The Alaska Human Rights Law makes it unlawful for an employer to use a job application form that directly or indirectly expresses a limitation, specification, or discrimination about an applicant's race, religion, color, national origin, age, physical or mental disability, sex, marital status, changes in marital status, pregnancy, or parenthood (AK Stat. Sec. 18.80.220). The law applies to all employers in the state except social clubs and nonprofit fraternal, charitable, educational, or religious associations or corporations.
It is unlawful for an employer to discriminate against an individual who has opposed an unlawful discriminatory practice, filed a complaint, testified, or assisted in a proceeding under the law.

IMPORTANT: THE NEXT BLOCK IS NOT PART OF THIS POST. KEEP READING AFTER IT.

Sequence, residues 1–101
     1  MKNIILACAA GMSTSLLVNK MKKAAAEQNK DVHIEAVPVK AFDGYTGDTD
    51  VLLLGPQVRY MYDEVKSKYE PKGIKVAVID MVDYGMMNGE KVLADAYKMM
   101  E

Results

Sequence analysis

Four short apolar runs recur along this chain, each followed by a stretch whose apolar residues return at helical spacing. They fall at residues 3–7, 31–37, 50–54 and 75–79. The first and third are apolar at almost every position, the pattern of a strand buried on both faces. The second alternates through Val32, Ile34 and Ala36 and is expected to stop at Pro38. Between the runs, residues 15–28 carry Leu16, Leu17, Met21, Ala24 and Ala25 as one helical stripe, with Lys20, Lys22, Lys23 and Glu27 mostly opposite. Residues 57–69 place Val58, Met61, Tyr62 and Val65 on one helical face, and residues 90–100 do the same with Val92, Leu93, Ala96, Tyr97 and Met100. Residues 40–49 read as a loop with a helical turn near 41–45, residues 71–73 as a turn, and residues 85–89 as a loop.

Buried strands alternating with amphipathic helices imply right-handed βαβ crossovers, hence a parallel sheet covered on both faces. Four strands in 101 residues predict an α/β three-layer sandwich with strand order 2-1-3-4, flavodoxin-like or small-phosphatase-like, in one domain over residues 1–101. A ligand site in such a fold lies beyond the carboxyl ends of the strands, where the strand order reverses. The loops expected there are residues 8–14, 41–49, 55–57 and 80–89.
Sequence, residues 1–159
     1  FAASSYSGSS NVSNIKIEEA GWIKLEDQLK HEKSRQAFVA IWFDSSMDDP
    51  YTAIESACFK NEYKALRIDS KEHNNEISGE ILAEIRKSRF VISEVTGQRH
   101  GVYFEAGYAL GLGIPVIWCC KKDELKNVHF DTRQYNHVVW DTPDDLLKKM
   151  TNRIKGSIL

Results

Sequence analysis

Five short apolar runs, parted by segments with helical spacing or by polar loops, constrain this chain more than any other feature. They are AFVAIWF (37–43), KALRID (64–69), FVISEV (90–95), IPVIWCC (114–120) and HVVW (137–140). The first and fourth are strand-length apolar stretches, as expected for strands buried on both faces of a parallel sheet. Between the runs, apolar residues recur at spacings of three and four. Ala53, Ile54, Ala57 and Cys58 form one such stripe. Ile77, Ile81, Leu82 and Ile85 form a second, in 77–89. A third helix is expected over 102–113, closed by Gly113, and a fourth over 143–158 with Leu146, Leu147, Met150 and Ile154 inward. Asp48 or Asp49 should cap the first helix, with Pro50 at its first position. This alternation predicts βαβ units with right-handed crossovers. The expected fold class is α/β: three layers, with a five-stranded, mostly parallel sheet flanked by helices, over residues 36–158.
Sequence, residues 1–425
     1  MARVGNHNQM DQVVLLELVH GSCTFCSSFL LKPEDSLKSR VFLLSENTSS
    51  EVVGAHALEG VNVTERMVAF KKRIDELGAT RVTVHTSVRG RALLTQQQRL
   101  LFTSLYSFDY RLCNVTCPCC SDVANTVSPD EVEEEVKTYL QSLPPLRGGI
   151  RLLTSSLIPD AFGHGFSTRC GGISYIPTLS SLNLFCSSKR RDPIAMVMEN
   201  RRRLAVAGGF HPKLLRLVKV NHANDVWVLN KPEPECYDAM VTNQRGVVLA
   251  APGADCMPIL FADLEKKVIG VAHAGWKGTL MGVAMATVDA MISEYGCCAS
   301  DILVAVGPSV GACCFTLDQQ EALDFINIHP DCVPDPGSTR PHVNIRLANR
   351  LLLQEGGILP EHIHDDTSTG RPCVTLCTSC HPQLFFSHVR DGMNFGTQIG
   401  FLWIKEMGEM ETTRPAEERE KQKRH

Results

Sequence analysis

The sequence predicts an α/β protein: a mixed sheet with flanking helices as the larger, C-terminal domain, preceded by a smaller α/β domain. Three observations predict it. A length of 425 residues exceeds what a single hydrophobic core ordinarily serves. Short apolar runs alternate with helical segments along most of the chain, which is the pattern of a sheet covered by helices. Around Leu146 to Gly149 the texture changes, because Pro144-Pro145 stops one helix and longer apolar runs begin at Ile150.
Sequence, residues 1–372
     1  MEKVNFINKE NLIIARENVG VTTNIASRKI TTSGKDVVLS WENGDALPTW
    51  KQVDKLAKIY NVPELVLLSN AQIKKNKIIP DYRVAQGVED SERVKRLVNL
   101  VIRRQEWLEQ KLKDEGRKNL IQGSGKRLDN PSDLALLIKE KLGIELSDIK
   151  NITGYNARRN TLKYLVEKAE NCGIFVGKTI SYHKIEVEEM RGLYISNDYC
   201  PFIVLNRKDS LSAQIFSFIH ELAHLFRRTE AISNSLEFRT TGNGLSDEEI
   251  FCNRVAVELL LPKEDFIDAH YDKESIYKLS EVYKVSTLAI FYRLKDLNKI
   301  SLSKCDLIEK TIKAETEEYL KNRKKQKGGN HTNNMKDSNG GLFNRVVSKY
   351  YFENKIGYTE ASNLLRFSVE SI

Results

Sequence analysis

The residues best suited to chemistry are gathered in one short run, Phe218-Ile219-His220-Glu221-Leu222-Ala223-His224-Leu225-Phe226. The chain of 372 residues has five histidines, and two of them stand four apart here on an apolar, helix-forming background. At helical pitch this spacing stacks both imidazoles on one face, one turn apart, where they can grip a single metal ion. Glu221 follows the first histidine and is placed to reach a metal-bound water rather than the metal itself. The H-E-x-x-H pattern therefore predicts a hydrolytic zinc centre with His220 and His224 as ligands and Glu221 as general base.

The BFOQ exception allows an employer to make an employment inquiry only where the inquiry is reasonably necessary to the normal operation of the employer's business, and there is no less intrusive way to ensure that the applicant will be able to perform the essential functions of the job in question. In order to be a BFOQ, a characteristic must be absolutely essential to the applicant's ability to perform the job. For example, being female would be a legitimate BFOQ for a person applying for a job as a model of women's clothing. The BFOQ exception applies only in limited circumstances, and in general, courts have been extremely reluctant to sanction otherwise discriminatory practices on BFOQ grounds. Employers should use caution in relying on the BFOQ rationale and should always consult with legal counsel before making any inquiries on the basis of a BFOQ.